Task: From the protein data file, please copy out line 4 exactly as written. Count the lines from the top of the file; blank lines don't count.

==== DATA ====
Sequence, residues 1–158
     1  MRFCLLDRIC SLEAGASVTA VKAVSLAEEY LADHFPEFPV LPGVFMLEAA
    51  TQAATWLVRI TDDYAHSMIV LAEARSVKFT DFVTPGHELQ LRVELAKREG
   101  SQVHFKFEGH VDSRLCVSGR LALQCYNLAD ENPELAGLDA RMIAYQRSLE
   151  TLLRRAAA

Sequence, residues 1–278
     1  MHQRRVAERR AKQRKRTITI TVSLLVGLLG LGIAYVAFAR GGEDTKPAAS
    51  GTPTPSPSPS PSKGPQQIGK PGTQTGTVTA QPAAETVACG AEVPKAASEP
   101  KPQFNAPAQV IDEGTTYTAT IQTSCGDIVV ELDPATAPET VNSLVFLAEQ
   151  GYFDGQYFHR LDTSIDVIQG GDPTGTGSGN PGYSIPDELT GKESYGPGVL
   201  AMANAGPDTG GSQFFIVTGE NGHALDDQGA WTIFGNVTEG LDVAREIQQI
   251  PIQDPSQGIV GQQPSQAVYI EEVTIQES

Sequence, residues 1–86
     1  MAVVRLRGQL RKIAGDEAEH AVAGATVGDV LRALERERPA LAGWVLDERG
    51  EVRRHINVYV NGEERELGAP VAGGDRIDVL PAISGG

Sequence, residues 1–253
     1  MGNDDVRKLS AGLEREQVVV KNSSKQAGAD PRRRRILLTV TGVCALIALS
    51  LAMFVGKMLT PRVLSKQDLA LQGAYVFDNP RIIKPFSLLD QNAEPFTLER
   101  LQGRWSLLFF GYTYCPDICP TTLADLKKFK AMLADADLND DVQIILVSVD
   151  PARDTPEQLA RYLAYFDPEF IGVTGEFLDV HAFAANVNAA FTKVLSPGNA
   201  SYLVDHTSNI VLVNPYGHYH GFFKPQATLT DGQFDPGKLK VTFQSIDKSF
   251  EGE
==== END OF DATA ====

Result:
   101  SQVHFKFEGH VDSRLCVSGR LALQCYNLAD ENPELAGLDA RMIAYQRSLE